Italian prosecutors on Thursday laid out evidence collected against a key suspect in the death of an American woman who was strangled and suffered deadly head trauma in her Florence apartment: They said a Senegalese man she met at a disco had left "decisive" DNA traces on a condom and cigarette butt at her home and was using her cellphone.
Cheik Tidiane Diaw, a 27-year-old who had arrived in Italy from Senegal in recent months, admitted under questioning that he and Ashley Olsen, 35, had fought violently after a night of drugs and sex but denied strangling her and never intended to kill her, his lawyer said.
Diaw was arrested early Thursday at his brother's apartment and is being held on suspicion of aggravated homicide, Florence chief prosecutor Giuseppe Creazzo told a news conference.
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Street-mounted security cameras and witnesses reported that Diaw and Olsen had left Florence's Montecarla nightclub in the early hours of Jan. 8 and went to her home.
Once there, they had consensual sex. But sometime afterward, Olsen's skull was fractured in two places with blows so violent they alone could have killed her, Creazzo said. She was subsequently strangled, apparently with a cord or rope.
Olsen's naked body was discovered the following day by her Italian boyfriend, who asked the apartment's owner to let him in because he hadn't heard from her in a few days, authorities have said.
Diaw acknowledged under questioning that he and Olsen had had consensual sex, were drunk and had been high on cocaine, his lawyer Antonio Voce told The Associated Press. But Diaw denied strangling her, left her alive on her bed and never intended to kill her, Voce said.
Voce said Diaw told investigators that they had fought when she tried to push him out of the apartment fearing her boyfriend would be arriving. After being pushed against the door, Diaw responded by punching Olsen in the neck and then pushing her to the ground, where she hit her head, Voce said.
Diaw helped her to the bed and left.
"He felt taken advantage of," Voce said. "She was still alive when he left."
Creazzo said Diaw had offered "substantially admissive" testimony in response to the accusations during a preliminary interrogation that lasted until 4 a.m. Thursday. Diaw has not been charged.
Police detained Diaw after DNA analysis came back from a used condom and cigarette butt found in Olsen's toilet, as well as biological samples taken from under her fingernails that belonged to Diaw, Creazzo said.
Investigators matched that evidence with a DNA sample taken from a cigarette Diaw smoked while being questioned at the police station, prosecutors said. They said the tests were conducted in "record time."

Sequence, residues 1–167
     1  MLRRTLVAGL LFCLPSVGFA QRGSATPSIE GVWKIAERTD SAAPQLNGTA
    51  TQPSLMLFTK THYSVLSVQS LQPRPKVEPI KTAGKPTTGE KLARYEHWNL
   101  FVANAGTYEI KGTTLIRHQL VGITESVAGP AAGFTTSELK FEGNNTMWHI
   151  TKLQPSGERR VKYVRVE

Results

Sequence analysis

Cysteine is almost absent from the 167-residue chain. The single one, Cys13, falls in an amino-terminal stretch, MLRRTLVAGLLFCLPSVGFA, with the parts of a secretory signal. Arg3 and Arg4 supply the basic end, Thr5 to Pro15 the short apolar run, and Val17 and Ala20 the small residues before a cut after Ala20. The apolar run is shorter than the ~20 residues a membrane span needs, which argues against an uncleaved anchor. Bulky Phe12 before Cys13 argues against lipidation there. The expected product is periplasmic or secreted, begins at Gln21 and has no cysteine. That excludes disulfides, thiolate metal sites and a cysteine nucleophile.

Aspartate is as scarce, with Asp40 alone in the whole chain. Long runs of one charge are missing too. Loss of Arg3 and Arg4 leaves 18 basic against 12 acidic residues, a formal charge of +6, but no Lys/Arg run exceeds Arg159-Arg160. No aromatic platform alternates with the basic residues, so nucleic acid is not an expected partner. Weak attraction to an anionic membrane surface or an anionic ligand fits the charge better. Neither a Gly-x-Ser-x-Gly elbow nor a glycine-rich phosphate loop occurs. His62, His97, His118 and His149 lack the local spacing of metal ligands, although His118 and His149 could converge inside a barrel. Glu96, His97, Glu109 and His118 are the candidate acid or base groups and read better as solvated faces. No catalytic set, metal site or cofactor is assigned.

Diaw had also taken Olsen's cellphone, put his own SIM card in it and used it, Creazzo said.
"We have gathered serious indications of guilt against him," Creazzo said, adding however, that a judge must confirm the arrest.
Creazzo said Diaw had arrived in Italy illegally a few months ago to join brothers who had been there for some time. He told investigators he was working odd jobs, handing out flyers for local nightspots.
Creazzo said the investigation continues but that no other suspects were at the scene of the crime. He said investigators had reached "a great point" in the investigation following the "decisive proof" from the DNA analysis.
Authorities have been at pains to not jump to conclusions in the case, given the intense international media interest that harks back to the Amanda Knox case. Knox and her Italian boyfriend were convicted in the 2007 death of her British roommate. They were then acquitted, convicted again and finally exonerated after an eight-year saga that cast a poor light on Italy's police and investigative magistrates.
Creazzo seemed almost apologetic that he hadn't been able to provide more information before Thursday's arrest. But he said that since Diaw was in Italy illegally, police would have had little hope of finding him if he had been tipped off that police were closing in on him and tried to flee.
Olsen moved to Florence a few years ago and was active in the expatriate arts scene. Her father is a professor at a local design institute. Late Thursday, family members gathered at the chapel of the morgue where her body was being held.
A funeral was scheduled for Friday afternoon at the Santo Spirito church in Florence's Oltrarno neighborhood where Olsen lived. Friends say the church steps were a favorite hang-out spot for Olsen, her friends and her beloved beagle, Scout.